The Java Junction Bed and breakfast sits above a coffee shop.Above: The Java Junction Bed and breakfast sits above a coffee shop.

While Madrid has seen its population rebound to about 300 people—a near complete saturation of the viable housing market—its residents have worked to maintain the communal and inimitable sensibilities of the town. “We are very much a community here,” Lindsey says. “If you walk the town and visit the shops, it’s an experience like you used to get in downtown Santa Fe. That’s the kind of freedom that I was looking for. To be able to wake up in the morning, go and open up my shop, make a bit of money, and not have to commute.”

Part of Madrid’s unique appeal owes to the landowners’ association bylaws that prohibit corporations from setting up shop. In Madrid, you will not see Starbucks, McDonald’s, or gas stations—just local entrepreneurs with especially individual visions.

“That’s something that keeps us protected from the outside world,” Peaker-Newman says. “It gives this town a distinct feel.”

Story Sidebar


The Hollar
Elevated Southern comfort food with a great outdoor space that has recently started serving brunch, in addition to lunch and dinner. Try a side of the fried green tomatoes to go along with the crispy chicken and grits. There is also a Howler Menu with cheap canine treats. (Your animal is most welcome in Madrid.)

Java Junction
A small-town coffee shop with an outdoor patio and locally baked goods. Grab one of their bad coffee sucks shirts or any of the other playful merchandise found at the shop.

Mineshaft Tavern
A historic roadhouse that boasts live music, a full bar and restaurant, and seating for more than 150 people. Try the Mad Chile Burger, a former winner of Santa Fe’s Green Chile Cheeseburger Smackdown competition, topped with both fresh and fried Hatch green chiles, aged cheddar cheese, and chipotle Dijonnaise.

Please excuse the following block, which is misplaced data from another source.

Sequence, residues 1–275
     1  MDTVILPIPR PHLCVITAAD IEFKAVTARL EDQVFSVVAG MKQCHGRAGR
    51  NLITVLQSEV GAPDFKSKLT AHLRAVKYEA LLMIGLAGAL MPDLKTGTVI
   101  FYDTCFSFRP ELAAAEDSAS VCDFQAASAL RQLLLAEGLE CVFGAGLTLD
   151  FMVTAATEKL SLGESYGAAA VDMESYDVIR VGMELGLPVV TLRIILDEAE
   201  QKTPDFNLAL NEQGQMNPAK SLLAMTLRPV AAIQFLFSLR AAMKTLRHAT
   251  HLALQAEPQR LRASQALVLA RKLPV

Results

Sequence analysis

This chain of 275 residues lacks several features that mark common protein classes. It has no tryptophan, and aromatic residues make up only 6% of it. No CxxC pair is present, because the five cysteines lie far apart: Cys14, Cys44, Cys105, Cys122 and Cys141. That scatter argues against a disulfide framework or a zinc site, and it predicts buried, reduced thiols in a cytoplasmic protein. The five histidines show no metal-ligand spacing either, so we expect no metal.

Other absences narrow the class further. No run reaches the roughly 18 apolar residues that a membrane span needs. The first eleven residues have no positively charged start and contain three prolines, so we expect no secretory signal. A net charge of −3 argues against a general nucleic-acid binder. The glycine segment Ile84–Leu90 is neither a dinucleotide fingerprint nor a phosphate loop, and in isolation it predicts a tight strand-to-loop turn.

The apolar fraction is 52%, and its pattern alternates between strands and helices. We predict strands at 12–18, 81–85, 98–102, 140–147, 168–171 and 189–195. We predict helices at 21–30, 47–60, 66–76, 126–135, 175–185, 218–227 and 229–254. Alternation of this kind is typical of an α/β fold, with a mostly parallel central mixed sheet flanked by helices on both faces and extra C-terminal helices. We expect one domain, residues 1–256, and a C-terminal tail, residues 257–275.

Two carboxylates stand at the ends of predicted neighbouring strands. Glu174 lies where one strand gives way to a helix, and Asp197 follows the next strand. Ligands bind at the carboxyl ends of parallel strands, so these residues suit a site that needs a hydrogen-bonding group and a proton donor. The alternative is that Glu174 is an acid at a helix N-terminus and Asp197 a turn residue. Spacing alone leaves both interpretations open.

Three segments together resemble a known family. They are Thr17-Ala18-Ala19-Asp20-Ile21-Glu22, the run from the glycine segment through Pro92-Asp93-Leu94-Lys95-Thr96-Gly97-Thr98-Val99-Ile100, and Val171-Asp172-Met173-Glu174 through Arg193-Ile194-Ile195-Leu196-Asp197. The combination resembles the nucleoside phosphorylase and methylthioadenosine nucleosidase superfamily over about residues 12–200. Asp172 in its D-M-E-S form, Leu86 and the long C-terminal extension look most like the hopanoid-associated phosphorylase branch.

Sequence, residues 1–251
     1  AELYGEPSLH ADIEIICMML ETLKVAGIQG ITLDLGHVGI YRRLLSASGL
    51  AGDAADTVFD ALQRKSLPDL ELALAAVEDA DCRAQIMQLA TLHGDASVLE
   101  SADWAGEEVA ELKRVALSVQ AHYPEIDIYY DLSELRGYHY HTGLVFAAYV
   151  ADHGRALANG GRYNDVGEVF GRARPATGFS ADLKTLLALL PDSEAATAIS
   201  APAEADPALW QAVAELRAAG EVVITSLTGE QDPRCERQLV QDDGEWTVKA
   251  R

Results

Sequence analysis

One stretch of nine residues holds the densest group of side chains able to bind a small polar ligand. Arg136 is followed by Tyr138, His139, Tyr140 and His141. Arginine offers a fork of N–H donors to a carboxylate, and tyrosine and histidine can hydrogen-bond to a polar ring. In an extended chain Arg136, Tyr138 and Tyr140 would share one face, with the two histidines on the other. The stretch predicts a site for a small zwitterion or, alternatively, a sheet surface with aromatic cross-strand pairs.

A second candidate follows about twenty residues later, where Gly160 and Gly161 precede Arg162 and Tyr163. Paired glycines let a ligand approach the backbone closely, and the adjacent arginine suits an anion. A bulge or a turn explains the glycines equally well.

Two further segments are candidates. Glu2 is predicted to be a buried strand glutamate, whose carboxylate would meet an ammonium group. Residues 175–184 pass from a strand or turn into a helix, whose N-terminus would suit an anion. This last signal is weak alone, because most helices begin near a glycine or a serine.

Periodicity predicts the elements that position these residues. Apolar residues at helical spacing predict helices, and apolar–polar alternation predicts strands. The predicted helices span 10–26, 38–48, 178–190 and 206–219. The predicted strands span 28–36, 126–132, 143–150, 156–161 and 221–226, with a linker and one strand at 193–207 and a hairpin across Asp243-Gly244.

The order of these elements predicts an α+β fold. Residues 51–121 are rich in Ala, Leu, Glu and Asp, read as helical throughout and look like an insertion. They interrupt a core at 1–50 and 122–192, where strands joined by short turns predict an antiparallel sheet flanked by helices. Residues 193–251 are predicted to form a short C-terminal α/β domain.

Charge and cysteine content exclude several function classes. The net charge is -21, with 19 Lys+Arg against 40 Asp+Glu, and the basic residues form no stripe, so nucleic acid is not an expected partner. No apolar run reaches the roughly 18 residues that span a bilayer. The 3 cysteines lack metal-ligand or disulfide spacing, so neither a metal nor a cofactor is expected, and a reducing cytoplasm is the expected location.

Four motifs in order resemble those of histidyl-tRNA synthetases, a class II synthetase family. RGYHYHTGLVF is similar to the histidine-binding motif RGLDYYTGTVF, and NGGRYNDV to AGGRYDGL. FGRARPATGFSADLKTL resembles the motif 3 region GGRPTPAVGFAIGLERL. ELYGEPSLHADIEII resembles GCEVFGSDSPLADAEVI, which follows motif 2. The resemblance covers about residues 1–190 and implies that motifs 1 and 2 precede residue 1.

Java Junction Bed and Breakfast
A restored turn-of-the-century mining cabin with a coffee shop on the ground floor and a second-floor suite with a claw-foot tub, free Wi-Fi, fully stocked kitchen, and private entrance and deck, for $129 a night.

Madrid also has numerous Airbnbs, nearly all with glowing five-star reviews, that range in price from $30 to $150 a night. You can stay in an old miner’s shack, an art studio, an off-the-grid straw-bale-and-earth house, or even a renovated bus.


For many locals, the success of Madrid is rooted not only in the town’s present but also in its rich past. In the early days, this creative streak was expressed most famously in the annual Christmas celebrations put on at the behest of Oscar Huber, who owned the town and the Albuquerque and Cerrillos Coal Company. By the early 1920s, Madrid was lit up by some 150,000 Christmas lights, coupled with an elaborate holiday display.

“They built a whole city of Bethlehem on the hill,” business owner Lori Lindsey says. “There were Egyptian pyramids, a live manger, and a sound system everywhere blasting carols.”

TWA airlines went so far as to reroute flights in order to pass over the glowing town. And local lore claims that Walt Disney drew inspiration for his theme park after visiting “Toy Land,” a miniature town of cartoon cutouts, 3-D displays, and rides at Madrid’s baseball field (now Oscar Huber Memorial Ballpark). It was the first ballpark in New Mexico to have stadium lights, installed in 1920 for the town’s AA minor league team, the Madrid Miners.

As Madrid declined, the Christmas celebration ceased, but when the town began reestablishing itself, the lights of Madrid flickered back to life. Now the first Saturday in December features a parade of charming misfits that just might include cranky bagpipers, a hippie Santa, and a yak who thinks he’s a reindeer. Throughout the season, the shops and houses are alight, beckoning visitors once again to this festive enclave.